“About five years ago I became Tracy’s musical director and then her sister married Carlos Santana,” he explains. “Last year she called me and said, ‘Carlos likes your material,’ and he did a string of gigs with us. I was in rehearsal and he says, ‘Jimmy, you don’t play guitar, you play life.’ “

Dillon’s return to the islands was precipitated about four years ago when he was hired to present a major show in Kona.

“I got the Santana band minus Carlos and Lisa Fischer, who had just been in the (movie) ’20 Feet From Stardom.’ We did this gig, and it was the best night of my life — playing all Stones and Santana and a couple of my originals. Then I came over for New Year’s and played Fleetwood’s, and I got the bug. Four years later we’re Upcountry. It’s been really wonderful. It’s dream come true to be back on Maui.”


Maui’s Reggae Ambassador Marty Dread just returned from Texas where he recorded two new songs with country icon Willie Nelson for the forthcoming album, “Everything Must Change,” which will showcase his talent beyond reggae.

“It’s a rock, Americana and country record,” he explains. “I’m very comfortable playing other styles.”

Over the years he’s fused reggae and country on his “Upcountry Boy” album and sung blues and rocked with Lukas Nelson in the band Harmonic Tribe, and now he’s looking forward to presenting another facet of his talent on the new work, which he will release under his birth name — Martin Hennessey.

“It’s nothing to do with Marty Dread the reggae guy,” he continues. “My fans might be taken aback by it. It’s very different.”

For the new project, Willie played his famous Martin acoustic guitar Trigger, named after Roy Rogers’ horse.

Marty had composed a song called “Jacaranda Tree,” which he hoped Willie would sing on.

“When he heard it, he asked if he could play Trigger on it,” says Marty. “He felt it was the right instrument for the tune. He doesn’t travel with Trigger to Maui so he said, ‘If you want me to play Trigger, you have to come to Austin.’ He’s such a busy guy, for him to donate a piece of his time, I felt really lucky.”

Marty and Willie share a long history of making music together, stretching back more than 15 years.

“I think Willie has sung on seven of my songs I wrote, and I sang on a couple he wrote,” he notes.

He sang “Lend a Hand to the Farmers,” with Willie at Farm Aid in 2010; released “Peace Works,” in 2014, which compiled duets with the country legend including the songs “Take No Part” and “Peaceful Solution”; and sang on Willie’s song “What Ever Happened to Peace on Earth?” about the Iraq War, alongside Michael McDonald, Ben Harper, Jack Johnson and Pat Simmons.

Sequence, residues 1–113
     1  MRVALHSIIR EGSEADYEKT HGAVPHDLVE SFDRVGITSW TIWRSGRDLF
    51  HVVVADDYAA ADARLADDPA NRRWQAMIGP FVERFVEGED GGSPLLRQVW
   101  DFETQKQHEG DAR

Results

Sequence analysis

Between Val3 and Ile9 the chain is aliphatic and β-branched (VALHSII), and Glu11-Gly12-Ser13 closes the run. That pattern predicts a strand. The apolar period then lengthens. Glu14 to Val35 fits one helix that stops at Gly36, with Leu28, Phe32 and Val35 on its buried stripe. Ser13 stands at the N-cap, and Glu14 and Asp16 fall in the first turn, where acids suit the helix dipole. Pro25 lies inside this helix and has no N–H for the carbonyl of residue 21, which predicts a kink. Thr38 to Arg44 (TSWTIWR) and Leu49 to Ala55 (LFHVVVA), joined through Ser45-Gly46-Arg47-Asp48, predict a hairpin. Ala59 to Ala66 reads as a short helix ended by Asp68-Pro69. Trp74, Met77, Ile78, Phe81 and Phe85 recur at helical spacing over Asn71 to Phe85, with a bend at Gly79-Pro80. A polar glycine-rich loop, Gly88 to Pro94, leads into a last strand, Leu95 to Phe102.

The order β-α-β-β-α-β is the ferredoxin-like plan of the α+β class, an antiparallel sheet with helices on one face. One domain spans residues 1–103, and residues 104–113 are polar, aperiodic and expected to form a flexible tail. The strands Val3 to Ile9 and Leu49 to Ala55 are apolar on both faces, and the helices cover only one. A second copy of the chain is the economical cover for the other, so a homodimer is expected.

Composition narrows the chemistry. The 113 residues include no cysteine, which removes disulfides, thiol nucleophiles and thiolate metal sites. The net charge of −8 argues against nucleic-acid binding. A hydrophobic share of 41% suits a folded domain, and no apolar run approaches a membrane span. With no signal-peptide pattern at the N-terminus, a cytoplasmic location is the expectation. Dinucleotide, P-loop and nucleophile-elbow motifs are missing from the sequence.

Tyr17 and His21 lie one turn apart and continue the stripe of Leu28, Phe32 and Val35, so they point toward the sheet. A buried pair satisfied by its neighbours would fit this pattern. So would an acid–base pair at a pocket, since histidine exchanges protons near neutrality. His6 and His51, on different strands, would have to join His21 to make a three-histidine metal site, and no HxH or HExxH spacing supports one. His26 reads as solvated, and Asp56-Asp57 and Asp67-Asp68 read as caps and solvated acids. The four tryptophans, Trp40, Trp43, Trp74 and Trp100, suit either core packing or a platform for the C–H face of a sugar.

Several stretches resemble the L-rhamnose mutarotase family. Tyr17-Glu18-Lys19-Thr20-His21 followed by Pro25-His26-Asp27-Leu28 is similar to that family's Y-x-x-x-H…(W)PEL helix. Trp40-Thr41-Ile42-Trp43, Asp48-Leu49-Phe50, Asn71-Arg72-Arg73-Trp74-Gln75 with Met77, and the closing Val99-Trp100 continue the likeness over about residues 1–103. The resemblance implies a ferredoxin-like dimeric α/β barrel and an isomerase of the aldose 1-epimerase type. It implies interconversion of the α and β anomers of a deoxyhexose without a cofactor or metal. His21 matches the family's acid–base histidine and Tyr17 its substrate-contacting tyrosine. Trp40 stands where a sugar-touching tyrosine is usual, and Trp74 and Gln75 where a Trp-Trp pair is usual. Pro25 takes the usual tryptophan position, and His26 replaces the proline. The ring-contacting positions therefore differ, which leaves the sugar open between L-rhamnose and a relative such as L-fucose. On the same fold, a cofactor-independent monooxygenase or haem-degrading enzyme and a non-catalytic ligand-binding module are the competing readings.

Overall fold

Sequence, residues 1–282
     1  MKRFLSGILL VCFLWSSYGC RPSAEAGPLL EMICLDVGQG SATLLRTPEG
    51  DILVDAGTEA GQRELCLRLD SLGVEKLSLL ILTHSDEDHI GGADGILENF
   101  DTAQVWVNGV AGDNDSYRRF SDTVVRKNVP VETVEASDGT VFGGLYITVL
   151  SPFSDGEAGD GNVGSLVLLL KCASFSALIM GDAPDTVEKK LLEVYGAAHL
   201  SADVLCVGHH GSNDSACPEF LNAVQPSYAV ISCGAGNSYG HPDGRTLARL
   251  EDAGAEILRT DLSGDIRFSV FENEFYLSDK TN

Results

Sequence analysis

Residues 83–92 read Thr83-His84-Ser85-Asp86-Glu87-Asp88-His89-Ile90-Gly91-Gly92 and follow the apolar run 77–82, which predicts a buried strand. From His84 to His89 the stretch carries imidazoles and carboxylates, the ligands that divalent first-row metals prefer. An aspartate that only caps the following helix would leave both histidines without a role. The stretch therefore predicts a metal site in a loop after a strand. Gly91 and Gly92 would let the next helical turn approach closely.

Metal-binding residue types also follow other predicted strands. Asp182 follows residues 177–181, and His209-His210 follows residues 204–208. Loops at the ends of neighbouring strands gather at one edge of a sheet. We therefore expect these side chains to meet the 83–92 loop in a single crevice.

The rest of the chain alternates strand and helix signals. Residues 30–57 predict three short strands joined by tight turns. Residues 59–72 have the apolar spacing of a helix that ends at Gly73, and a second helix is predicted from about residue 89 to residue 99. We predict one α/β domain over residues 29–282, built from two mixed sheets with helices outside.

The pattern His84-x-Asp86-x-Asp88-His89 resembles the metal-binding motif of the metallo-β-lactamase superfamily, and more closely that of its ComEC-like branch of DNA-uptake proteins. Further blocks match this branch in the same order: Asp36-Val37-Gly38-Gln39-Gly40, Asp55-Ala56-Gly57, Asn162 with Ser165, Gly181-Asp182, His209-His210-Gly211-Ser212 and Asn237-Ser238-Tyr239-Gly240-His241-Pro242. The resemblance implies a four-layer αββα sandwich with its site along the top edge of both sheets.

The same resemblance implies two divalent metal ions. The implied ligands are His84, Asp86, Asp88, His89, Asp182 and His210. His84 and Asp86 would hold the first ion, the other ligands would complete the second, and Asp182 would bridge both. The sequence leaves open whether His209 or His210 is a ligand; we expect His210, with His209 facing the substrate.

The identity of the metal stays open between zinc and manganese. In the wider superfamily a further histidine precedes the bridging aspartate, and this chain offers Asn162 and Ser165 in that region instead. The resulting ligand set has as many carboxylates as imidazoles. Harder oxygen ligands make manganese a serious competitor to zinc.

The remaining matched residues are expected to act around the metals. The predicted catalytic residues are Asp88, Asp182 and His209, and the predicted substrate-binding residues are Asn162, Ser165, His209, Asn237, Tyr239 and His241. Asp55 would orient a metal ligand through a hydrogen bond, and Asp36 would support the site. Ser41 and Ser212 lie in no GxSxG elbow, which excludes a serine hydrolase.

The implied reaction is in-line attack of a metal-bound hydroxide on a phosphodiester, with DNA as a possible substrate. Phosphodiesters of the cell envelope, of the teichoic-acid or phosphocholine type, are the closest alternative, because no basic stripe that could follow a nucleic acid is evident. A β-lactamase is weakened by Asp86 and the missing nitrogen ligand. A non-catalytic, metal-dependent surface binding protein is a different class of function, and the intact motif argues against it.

The first time they met in Paia, Willie had told him, “We should do something some day.”

“I finished the song ‘Take No Part’ about the Iraq War,” explains Marty. “Shep Gordon helped facilitate the recording happening financially.”

While visiting Willie at his Maui home, Marty connected with his sons, Lukas and Micah Nelson, and they ended up forming the band Harmonic Tribe, which toured as the opening act for Willie.

A prolific musician who most recently released “Footprints,” which included covers of Creedence Clearwater Revival’s “Have You Ever Seen the Rain” and Harry Chapin’s “Cats in the Cradle,” Marty collaborated with guitarist Jeff Hornbeck on his new album.

“He’s a fantastic guitar player, arranger and producer,” says Marty. “He wanted to do some recording together, but he didn’t want to do a reggae record. He said, ‘You can send messages in different genres.’ I had been saving a lot of songs for an acoustic album, and then we got Kris Thomas playing drums and it became a band record. I’m really excited.”

Other musicians on board include keyboardist Jerry Kavarsky, bassists Ricieri Nascimento and Jay Molina, and Willy Wainwright on electric violin.

Besides the rock album, Marty will also release a new reggae record, “Love Somebody Today,” later this year with Jamaican legends drummer Sly Dunbar and bassist Robbie Shakespeare.

• Marty Dread plays every Friday on the Pacific Whale Foundation’s Island Rhythms Sunset Cocktail Cruise out of Maalaea Harbor. Cost is $85 for adults (ages 13 and older) and $45 for children (ages 12 and younger). A kamaaina discount is available with proof of residency. For tickets and more information, call 249-8811.